Move forward to that heroic looking barn in th Socket Systems website image. A zillion loose sockets on milled lumber connections. If the connections are made by drilling in situ and inserting bolts and the sockets has splits so they grip the lumber the joint may be as stout as an equivalent mortice and tenon joint. But if the socket has clearance and the lumber is restrained with a few nails the joint effciency will be correspondingly low.

There there is seasonal moisture changes, code approvals, fire safety, conparative cost of construction, moisture related decomposition (it IS a metal socket), socket material deterioration from aging (plastic), corrosion (metal). Metal/wood composit construction has been around for generations - centuries. In he last 50 years, a large variety of galvanized steel connection products (someone mentioned Simpson Strong Ties and there are others) have become available off the shelf. They are efficient but non - NOT - atractive.

The promise of metal/wood connections has yet to be fully realzed. OTH, wood to wood joinery took only 3000 years to reach maturity so I don't anticipate a wood/metal connection solution that resolves seasonal dimensional changes, joint efficiency, cost, rigid connections, long term integrity, and broard authority approval very soon.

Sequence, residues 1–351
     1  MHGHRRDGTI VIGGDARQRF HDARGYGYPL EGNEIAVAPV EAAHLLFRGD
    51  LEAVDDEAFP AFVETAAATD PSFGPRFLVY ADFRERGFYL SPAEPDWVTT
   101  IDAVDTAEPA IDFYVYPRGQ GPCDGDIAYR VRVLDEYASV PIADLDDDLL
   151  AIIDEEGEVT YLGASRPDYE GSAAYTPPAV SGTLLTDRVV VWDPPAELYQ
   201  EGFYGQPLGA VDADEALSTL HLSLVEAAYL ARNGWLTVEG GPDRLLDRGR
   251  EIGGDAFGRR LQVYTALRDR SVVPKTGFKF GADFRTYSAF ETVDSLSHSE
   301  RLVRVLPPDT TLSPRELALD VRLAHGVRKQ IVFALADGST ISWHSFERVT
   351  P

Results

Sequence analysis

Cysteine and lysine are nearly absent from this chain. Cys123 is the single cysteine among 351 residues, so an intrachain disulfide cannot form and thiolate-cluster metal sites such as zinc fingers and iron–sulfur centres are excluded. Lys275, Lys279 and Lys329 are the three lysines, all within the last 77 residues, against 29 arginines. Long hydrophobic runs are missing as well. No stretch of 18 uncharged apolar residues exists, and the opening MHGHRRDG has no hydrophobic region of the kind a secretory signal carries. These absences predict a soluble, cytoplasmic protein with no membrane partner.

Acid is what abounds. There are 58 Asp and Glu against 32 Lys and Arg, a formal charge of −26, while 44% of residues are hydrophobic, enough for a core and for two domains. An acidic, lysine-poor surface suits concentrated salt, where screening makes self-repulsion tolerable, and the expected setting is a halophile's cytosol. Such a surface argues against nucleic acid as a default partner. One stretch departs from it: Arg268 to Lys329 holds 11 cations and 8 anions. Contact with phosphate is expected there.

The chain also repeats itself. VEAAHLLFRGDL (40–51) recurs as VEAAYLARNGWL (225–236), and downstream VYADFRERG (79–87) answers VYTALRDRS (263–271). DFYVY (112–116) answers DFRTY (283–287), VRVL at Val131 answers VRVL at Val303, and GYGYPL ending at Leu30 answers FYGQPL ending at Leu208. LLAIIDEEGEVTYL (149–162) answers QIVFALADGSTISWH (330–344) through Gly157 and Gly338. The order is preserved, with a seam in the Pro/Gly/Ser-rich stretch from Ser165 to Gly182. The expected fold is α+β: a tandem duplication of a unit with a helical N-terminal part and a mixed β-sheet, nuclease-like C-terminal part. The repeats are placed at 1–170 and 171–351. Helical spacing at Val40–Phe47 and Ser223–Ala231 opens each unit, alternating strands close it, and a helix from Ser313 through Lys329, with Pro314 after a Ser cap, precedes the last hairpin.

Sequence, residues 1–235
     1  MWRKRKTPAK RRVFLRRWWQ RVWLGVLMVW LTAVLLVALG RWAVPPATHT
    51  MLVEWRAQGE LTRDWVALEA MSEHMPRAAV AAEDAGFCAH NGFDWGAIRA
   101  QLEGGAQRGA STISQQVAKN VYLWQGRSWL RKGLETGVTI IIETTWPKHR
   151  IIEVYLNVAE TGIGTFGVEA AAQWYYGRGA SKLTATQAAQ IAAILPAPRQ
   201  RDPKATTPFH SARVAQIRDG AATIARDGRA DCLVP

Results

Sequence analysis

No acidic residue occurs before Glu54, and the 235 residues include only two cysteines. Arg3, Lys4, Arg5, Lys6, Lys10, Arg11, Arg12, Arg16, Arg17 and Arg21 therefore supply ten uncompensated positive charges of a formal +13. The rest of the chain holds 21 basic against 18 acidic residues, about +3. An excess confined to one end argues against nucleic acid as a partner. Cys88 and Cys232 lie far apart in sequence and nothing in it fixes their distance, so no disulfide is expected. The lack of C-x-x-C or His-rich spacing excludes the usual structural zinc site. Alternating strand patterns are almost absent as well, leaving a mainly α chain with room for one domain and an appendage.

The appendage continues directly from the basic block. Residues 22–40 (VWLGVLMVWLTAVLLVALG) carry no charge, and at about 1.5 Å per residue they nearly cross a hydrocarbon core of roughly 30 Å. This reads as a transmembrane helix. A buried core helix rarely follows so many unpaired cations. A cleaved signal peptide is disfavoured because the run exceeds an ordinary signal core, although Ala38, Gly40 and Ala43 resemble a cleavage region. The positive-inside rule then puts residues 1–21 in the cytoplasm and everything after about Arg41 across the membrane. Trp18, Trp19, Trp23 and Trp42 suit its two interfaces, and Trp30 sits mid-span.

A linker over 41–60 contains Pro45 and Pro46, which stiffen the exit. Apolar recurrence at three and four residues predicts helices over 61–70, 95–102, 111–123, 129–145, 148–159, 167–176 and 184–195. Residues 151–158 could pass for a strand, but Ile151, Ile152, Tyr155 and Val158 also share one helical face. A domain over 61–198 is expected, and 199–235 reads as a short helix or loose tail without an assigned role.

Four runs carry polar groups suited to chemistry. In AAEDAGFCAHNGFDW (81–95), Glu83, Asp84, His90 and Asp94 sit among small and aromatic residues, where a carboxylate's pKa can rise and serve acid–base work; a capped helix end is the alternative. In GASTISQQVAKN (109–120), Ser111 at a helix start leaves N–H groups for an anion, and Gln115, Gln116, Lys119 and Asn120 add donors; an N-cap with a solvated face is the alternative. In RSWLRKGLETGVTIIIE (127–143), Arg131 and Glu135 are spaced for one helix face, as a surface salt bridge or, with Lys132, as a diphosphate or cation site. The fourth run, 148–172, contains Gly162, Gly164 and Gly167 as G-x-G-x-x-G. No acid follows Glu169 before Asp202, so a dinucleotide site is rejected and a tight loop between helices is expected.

Good luck to the Socket Systems people. I wish them well.

lost_cause
02-03-2015, 09:45 PM
i made an individual bracket similar to those for a building i did for some family members. i did a 12x12 screen house with a hip roof and i made a pair of brackets to connect the diagonal rafters. i did it mainly to help me frame everything up since i was working without much help. it allowed me to connect all four hip rafters and have them free standing while i put up the rest of the rafters. as an added bonus, it looks pretty nice from below when you look up at it. 11ga plate sandwiching the rafters w/ 6 1/4" bolts per hip rafter if i remember correctly.

oh, by the way, it was built with no testing of the materials or welds, no code approval, no engineering and no stamp of any kind intended to give someone a warm fuzzy feeling that it is safe. it has, however, survived lots of heavy winds, heavy snowfall, and a few years of use without showing any signs that anything might fail - cause it won't.

digger_doug
02-04-2015, 03:19 PM
Metal attachment devices to located untreated posts on concrete are available from Simpson Strong Tie and Perma Column.